After watching the video, I noticed that the airborne rear wheel does come to an immediate stop. The front wheel however coasts to a slow stop. I would speculate from this that the vehicle is in the rear wheel drive only configuration with TRACTION CONTROL enabled.

  • It is an AWD model, as you can see drive shafts in the front, but I believe you are spot on with the idea of traction control. It is the only way I can think of which would actually stop the wheels with enough force to allow them to break the lugs free (unless they were actually loose to begin with ... which seems stupidly feasible considering everything else these idiots are doing). +1 for a good answer. Mar 19, 2015 at 11:16
  • :) . Yes , it is an AWD. But what I was noting is that in this particular case, it is probably in the rear-wheel drive only configuration (I would assume it is selectable). Which is why the TCS only locks out the rear airborne wheel (as seen in the video) . The front wheel, throughout the video , seems to be free, even during wheel change. So, I guess the wheel lugs, at least on the front wheel, were pretty loose to begin with. Lack of safety precautions aside, that was pretty skillful I would say.
    – chilljeet
    Mar 19, 2015 at 11:44
  • 1
    I see what you are suggesting now about driver selection of the transfer case, which could be. And yes, very skillful on the part of the driver. I'd be very nervous about not only skiing a vehicle, but doing it with people hanging out on top of it and with two wheels missing at a given point? They must have more oil than sense in Saudi ... I spent nine months in Riyhad and can actually say that statement is mostly true! ;-) Mar 19, 2015 at 12:27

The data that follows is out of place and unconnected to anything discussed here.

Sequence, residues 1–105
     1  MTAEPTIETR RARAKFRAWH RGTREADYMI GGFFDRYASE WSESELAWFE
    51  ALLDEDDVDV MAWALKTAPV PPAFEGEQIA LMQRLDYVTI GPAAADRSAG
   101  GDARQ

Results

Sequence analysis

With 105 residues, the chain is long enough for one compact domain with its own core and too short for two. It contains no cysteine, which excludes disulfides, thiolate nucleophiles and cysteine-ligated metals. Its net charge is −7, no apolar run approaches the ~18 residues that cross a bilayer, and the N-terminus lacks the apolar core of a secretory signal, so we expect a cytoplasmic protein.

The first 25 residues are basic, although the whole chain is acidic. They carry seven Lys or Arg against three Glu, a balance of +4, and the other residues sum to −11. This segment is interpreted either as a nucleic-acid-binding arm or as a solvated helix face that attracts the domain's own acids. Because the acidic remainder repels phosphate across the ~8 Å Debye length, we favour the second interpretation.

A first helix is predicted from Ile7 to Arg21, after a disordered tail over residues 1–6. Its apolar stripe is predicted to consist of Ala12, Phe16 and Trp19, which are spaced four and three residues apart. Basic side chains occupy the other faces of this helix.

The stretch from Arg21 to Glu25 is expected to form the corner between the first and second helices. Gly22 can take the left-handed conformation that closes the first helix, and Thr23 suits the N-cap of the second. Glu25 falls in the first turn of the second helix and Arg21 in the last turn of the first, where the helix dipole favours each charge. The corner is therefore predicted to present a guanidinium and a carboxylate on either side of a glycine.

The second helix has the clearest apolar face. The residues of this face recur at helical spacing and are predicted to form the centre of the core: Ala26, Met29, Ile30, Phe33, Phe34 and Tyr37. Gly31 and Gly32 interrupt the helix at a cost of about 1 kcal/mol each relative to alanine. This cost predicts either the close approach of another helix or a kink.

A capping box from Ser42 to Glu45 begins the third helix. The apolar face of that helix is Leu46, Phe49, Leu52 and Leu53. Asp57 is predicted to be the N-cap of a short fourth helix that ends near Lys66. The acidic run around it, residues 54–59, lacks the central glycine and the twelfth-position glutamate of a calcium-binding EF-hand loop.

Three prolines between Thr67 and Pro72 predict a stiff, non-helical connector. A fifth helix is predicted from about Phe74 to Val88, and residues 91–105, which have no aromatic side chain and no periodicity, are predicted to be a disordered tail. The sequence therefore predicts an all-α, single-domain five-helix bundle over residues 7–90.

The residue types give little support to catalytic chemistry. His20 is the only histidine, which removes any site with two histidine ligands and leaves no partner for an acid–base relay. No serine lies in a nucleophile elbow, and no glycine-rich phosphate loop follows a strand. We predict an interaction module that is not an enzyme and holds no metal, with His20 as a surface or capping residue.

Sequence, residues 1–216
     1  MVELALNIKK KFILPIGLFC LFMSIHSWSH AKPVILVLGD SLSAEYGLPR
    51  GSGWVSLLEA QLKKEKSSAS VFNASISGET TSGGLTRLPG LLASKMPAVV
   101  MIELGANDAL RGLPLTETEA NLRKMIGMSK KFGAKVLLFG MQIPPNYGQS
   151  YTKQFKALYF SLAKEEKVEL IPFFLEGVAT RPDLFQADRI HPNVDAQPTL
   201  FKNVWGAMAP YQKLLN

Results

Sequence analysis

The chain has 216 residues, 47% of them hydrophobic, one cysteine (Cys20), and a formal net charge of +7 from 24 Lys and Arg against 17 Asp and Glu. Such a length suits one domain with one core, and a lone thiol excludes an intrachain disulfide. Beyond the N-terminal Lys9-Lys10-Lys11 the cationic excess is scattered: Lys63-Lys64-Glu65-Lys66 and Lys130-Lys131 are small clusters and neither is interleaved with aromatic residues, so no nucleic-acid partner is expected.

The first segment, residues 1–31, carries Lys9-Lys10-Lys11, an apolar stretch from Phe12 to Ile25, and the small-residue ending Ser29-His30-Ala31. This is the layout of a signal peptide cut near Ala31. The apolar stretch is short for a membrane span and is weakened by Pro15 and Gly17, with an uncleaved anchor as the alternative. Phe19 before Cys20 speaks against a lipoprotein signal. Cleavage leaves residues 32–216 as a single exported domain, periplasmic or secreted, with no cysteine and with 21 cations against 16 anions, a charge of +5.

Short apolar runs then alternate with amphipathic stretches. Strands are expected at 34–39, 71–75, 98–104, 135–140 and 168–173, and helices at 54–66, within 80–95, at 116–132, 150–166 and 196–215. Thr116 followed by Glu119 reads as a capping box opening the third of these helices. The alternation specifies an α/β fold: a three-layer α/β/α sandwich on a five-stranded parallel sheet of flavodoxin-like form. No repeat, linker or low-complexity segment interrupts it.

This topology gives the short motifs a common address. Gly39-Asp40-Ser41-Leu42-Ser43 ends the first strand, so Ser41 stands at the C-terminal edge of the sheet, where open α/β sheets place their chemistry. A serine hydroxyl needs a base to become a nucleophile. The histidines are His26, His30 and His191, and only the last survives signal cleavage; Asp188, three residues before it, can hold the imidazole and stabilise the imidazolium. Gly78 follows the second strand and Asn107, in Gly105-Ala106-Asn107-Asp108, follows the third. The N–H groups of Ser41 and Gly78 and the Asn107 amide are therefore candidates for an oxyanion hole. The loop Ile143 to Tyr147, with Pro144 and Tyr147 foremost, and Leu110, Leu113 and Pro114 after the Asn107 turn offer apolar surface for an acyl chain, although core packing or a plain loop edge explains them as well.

• FJs come three ways: RWD, Part time 4WD (selectable between 4WD and RWD), and Full time 4WD (aka AWD), let's assume this model was 4WD in RWD mode. Traction control will pulse the brakes when it detects wheelspin, but then free up to allow the wheel to come up to speed again. With TC I would expect the wheel to be spinning up again and again before the brakes engage: TC does not (and typically cannot) lock up your brakes and leave them locked.
    – Ehryk
    Mar 19, 2015 at 14:50
  • 1
    Ultimately I think a preponderance of the available evidence points to a semi-engaged parking brake with the TJ in RWD. This is in keeping with the 'tradition' of renting a car and bearing on it (unmodified). I suspect they either disconnected the right side (doubtful) or they explored the effect of the parking brake exerting more force on the wheel it could stop than the one that is being forced to rotate, this the engine torque takes the path to the ground. Care to write this up as a second answer with this reasoning and process that eliminated the other possibilities?
    – Ehryk
    Mar 23, 2015 at 4:35